Sep 22 2009
Eduardo Galeano, in Soccer and Sun and Shadow (London: Verso, 2003), provides beautiful descriptions of famous goals from footballing history. Here is one of his descriptions, and a video of the goal. What do you think of the description? Can you find clips of other goals he describes?
“It was at the ’70 World Cup. Brazil was playing England.
Tostao got the ball from Paulo Cesar and scurried ahead as far as he could, but all of England was spread out in the penalty area. Even the Queen was there. Tostao eluded one, then another and on more, then he passed the call to Pele. Three players suffocated him on the spot. Pele pretended to press on and the three opponents went for the smoke. He put on the brakes, pivoted and left the ball on the feet of Jairzinho, who was racing in. Jairzinho had learned to shake off his markers on the sandlots of the toughest slums of Rio de Janeiro: he came on like a black bullet and evaded one Englishman, before the ball, a white bullet, crossed the goal line defended by the keeper Banks.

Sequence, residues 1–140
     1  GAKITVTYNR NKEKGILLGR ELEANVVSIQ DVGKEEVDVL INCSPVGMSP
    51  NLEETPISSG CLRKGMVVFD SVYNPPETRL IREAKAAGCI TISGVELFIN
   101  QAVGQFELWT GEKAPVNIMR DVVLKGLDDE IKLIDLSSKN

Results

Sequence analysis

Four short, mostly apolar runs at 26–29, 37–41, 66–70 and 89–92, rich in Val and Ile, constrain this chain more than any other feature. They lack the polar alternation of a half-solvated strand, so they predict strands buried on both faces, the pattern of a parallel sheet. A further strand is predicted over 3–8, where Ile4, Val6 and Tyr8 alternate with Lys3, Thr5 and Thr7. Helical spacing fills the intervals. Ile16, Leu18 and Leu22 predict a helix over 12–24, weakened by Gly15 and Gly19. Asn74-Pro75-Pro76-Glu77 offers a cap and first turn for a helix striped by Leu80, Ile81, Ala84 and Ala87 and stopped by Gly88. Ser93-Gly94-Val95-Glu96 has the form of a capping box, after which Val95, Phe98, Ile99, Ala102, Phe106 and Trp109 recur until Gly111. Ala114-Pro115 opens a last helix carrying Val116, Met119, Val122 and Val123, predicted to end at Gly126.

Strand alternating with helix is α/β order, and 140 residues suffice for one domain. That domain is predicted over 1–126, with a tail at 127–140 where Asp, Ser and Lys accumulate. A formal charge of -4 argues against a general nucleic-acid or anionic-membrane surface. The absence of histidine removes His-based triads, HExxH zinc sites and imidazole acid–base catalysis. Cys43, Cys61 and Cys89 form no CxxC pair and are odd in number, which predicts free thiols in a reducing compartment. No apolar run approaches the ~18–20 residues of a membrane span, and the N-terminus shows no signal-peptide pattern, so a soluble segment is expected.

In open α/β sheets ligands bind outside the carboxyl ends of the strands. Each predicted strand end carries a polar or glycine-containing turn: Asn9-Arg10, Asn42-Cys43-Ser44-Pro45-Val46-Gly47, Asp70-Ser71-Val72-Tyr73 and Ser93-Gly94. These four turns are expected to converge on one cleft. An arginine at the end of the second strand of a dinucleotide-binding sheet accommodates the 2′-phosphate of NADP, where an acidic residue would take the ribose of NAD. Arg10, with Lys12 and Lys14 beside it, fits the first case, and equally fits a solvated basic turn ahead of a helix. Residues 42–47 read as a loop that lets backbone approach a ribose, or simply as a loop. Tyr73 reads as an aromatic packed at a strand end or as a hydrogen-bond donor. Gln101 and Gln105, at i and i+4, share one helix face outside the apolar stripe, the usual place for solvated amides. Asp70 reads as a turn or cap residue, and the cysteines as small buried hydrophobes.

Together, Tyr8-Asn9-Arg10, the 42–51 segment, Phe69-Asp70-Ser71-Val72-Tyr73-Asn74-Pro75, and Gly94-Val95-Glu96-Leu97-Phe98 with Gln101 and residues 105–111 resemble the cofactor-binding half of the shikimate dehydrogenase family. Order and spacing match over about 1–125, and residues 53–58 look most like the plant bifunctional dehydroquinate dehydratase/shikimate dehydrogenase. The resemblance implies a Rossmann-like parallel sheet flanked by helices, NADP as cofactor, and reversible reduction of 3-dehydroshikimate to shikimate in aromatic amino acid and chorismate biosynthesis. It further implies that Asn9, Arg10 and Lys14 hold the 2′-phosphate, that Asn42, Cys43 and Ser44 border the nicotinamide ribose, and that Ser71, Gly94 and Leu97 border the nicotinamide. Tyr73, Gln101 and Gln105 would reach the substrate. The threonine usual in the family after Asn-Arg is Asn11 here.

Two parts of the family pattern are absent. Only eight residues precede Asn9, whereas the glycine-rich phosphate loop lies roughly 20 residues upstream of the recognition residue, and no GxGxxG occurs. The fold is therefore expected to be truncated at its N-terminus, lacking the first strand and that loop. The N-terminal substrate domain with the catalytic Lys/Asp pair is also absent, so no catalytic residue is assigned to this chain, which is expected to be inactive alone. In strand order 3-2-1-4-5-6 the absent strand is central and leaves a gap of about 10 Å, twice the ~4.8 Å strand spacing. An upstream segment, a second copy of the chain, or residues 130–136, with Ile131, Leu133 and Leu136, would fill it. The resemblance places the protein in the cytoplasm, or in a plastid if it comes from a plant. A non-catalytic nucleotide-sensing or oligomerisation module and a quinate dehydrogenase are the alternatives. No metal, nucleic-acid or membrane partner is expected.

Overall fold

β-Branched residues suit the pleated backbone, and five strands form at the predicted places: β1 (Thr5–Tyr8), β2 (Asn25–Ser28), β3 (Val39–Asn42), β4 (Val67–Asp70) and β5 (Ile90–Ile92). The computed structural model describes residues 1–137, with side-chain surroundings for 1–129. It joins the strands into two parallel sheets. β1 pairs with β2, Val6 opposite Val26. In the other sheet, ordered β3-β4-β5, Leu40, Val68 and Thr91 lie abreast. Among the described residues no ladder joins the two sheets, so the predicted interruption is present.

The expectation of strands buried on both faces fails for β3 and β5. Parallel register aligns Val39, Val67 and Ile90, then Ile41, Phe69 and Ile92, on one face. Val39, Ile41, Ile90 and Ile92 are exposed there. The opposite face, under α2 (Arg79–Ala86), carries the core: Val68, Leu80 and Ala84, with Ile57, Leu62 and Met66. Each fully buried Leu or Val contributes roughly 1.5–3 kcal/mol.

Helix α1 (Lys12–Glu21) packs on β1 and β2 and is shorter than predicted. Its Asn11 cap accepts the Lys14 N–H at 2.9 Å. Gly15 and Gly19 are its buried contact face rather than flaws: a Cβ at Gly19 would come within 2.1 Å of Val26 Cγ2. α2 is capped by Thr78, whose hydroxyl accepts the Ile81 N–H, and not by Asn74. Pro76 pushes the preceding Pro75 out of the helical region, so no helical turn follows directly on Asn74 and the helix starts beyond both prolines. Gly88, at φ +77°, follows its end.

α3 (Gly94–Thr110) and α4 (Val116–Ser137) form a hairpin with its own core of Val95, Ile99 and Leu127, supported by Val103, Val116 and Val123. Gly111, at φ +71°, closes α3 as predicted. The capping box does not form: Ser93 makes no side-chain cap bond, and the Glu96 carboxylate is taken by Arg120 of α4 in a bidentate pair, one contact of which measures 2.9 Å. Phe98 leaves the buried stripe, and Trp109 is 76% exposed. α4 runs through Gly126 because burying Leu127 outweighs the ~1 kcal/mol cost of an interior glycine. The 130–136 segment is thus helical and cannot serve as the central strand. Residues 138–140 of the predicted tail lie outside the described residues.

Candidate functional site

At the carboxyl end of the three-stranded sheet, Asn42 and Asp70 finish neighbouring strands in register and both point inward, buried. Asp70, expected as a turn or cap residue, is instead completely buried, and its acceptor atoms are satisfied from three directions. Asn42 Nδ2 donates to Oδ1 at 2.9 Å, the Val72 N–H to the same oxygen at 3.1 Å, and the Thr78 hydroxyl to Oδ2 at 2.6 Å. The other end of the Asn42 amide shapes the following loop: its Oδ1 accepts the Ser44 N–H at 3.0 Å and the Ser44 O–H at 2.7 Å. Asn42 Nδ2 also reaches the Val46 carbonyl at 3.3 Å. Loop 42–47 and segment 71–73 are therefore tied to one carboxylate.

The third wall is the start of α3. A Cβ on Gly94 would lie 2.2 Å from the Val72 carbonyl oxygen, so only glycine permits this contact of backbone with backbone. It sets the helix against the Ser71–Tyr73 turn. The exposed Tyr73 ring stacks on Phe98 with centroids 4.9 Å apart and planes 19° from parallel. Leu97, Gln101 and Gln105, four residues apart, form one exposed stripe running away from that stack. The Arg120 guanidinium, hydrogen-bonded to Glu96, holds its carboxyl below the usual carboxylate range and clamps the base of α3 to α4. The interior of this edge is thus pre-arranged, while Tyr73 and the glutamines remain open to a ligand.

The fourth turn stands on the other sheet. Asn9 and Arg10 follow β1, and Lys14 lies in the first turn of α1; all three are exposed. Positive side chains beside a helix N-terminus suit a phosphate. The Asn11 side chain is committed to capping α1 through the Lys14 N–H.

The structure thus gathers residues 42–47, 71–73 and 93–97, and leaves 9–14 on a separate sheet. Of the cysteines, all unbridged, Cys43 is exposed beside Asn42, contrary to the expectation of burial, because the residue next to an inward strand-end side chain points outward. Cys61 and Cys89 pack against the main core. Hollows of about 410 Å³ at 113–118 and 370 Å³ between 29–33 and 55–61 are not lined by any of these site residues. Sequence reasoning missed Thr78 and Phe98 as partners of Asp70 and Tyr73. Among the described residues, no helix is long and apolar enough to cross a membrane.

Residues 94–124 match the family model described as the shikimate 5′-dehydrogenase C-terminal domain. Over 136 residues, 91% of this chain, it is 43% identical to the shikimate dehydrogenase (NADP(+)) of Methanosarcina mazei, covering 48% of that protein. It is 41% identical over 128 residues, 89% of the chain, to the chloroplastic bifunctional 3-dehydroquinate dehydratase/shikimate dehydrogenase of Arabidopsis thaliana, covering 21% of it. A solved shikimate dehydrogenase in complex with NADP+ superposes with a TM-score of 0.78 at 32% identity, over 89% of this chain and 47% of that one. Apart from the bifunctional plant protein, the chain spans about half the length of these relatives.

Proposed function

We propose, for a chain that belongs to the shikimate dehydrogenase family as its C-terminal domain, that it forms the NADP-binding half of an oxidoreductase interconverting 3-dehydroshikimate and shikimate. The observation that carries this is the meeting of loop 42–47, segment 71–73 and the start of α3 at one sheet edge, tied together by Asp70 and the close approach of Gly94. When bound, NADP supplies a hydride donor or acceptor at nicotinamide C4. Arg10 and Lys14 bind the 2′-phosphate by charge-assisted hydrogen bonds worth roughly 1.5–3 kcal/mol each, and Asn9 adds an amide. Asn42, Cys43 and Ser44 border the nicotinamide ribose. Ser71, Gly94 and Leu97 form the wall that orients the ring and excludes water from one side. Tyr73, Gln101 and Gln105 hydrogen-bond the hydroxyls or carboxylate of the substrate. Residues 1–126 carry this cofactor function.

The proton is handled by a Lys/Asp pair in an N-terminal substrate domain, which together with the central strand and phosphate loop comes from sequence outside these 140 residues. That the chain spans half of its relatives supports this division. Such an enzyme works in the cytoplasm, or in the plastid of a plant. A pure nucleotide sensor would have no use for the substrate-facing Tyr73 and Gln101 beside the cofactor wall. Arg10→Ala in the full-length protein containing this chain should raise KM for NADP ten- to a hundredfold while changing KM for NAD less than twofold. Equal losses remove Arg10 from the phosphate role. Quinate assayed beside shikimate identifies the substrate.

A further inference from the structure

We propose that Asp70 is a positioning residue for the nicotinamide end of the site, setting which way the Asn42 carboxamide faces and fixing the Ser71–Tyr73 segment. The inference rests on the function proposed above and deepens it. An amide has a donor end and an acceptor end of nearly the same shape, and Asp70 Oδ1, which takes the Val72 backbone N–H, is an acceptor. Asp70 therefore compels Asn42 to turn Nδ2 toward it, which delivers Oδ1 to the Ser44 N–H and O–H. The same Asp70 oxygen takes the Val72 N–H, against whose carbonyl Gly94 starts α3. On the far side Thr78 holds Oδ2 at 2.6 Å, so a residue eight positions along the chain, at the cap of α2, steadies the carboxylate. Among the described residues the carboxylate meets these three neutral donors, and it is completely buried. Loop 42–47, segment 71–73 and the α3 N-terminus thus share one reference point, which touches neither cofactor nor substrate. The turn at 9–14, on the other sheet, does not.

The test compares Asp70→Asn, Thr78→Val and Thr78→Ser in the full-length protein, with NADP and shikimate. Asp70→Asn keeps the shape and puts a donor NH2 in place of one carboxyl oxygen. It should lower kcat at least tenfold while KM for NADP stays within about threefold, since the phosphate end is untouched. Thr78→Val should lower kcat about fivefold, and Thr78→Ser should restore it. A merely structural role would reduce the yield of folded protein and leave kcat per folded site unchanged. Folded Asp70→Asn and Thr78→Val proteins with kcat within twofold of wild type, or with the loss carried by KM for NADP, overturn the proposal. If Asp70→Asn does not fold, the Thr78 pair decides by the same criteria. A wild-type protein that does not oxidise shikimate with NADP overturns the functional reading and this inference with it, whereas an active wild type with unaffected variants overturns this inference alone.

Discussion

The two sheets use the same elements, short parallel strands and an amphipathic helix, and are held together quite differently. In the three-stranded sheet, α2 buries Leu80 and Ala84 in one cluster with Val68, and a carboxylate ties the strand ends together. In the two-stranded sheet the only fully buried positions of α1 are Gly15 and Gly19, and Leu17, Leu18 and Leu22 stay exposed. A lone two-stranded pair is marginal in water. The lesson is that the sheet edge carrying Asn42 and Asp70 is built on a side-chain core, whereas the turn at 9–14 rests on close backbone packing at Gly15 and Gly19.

It was the winning goal. Swaying to the rhythm of a fiesta, Brazil’s attackers had tossed off seven guardians of the steel fortress, which simply melted under the hot breeze blowing from the south.” Galeano, 135-136
[kml_flashembed movie="http://www.youtube.com/v/D8CmDaYJ0WY" width="425" height="350" wmode="transparent" /]
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